February 5, 2007

CAFC rules in favor of Willkie client Cordis Corporation in patent infringement case.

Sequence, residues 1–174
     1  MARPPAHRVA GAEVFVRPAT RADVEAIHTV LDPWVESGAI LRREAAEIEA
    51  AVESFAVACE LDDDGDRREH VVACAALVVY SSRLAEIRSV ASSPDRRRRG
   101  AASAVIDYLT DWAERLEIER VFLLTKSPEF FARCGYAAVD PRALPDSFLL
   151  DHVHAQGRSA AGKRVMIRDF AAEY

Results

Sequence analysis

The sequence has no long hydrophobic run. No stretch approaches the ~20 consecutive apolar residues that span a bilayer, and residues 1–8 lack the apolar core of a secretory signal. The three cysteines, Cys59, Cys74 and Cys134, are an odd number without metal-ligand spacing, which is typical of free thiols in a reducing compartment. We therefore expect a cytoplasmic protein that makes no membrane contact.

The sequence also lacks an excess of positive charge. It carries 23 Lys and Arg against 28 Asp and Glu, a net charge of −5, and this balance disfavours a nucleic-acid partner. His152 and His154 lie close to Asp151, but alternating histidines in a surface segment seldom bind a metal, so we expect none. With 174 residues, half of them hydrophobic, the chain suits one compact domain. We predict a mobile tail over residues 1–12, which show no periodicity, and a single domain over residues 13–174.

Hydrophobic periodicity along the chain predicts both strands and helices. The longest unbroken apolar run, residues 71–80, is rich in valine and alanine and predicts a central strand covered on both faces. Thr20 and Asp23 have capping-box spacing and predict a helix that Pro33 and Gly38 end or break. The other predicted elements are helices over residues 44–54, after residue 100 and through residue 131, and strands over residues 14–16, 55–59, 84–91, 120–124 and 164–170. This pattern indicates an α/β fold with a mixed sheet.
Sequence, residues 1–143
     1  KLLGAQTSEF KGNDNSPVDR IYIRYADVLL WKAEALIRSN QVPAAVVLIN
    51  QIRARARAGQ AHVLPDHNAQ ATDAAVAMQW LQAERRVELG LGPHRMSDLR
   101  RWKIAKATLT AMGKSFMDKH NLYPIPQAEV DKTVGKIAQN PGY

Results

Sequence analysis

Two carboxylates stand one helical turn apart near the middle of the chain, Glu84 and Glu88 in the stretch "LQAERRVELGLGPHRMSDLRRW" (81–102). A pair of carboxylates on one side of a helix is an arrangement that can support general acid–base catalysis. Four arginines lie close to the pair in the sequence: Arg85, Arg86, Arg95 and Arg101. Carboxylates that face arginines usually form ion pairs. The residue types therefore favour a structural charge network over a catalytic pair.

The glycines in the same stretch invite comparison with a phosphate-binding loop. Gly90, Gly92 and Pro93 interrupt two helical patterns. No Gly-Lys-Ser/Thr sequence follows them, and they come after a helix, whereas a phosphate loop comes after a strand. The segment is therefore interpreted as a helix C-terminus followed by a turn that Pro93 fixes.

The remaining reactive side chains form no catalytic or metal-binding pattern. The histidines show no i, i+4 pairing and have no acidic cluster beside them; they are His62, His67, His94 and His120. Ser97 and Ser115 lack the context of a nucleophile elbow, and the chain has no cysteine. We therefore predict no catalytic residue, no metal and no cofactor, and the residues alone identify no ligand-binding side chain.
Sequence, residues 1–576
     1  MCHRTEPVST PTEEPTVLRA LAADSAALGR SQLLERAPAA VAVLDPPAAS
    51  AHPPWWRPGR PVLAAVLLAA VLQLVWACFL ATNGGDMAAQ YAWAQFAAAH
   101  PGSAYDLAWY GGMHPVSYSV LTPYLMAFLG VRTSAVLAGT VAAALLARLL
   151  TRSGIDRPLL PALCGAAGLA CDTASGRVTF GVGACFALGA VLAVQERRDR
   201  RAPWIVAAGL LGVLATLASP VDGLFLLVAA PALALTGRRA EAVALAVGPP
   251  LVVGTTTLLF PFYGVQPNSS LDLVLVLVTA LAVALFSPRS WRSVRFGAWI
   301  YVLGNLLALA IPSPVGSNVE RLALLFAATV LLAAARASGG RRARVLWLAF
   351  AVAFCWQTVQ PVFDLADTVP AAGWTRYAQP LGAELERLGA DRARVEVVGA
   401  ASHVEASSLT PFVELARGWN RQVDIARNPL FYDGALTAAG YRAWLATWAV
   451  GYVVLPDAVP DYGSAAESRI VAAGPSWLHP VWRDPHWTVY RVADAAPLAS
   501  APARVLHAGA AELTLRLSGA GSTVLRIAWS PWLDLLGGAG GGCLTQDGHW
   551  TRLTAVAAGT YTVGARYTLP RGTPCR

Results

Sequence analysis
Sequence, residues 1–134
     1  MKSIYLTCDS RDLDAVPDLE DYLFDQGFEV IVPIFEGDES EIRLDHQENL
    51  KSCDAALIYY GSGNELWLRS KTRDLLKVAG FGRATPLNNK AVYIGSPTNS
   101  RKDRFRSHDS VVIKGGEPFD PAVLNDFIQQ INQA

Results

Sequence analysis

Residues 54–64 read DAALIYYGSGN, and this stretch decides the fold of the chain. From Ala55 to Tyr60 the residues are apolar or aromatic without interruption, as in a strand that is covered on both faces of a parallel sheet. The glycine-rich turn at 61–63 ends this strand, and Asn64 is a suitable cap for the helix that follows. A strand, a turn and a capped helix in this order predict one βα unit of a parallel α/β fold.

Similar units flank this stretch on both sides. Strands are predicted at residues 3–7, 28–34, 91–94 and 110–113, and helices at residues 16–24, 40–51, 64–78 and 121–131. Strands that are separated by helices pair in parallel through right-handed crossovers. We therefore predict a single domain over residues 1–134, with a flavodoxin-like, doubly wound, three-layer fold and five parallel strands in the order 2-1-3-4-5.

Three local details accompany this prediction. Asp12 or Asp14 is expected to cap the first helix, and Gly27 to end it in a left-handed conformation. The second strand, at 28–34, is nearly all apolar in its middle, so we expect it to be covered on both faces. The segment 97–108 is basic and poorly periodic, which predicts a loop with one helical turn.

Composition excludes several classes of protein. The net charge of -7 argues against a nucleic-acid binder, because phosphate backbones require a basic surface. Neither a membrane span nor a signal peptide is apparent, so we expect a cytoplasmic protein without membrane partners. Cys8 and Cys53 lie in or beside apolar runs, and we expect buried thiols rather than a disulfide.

On February 1, Willkie client Cordis Corporation, a Johnson & Johnson company, won a highly contested decision from the Court of Appeals for the Federal Circuit regarding whether a U.S. District Court may exercise supplemental jurisdiction over foreign patent infringement claims.  In a 54-page decision, including a 23-page dissent, the CAFC vacated the order granting leave to amend the complaint to add claims of infringement of five foreign patents, and remanded to the District Court.  The CAFC stated: “We find that considerations of comity, judicial economy, convenience, fairness and other exceptional circumstances constitute compelling reasons to decline jurisdiction under §1367(c) in this case and therefore, hold that the district court abused its discretion by assuming jurisdiction.”  Cordis’ position was supported by amicus curiae briefs filed by the Department of Justice and the United States Patent and Trademark Office, the Federal Circuit Bar Association, the American Intellectual Properly Law Association and the Intellectual Property Owners Association.  This case, with important implications for patent litigation, was identified by IP Law & Business as a 2007 “Case to Watch.”  The matter was handled by partners John DiMatteo and Kelsey Nix, and associates Diane Ragosa and Alexander Swirnoff.

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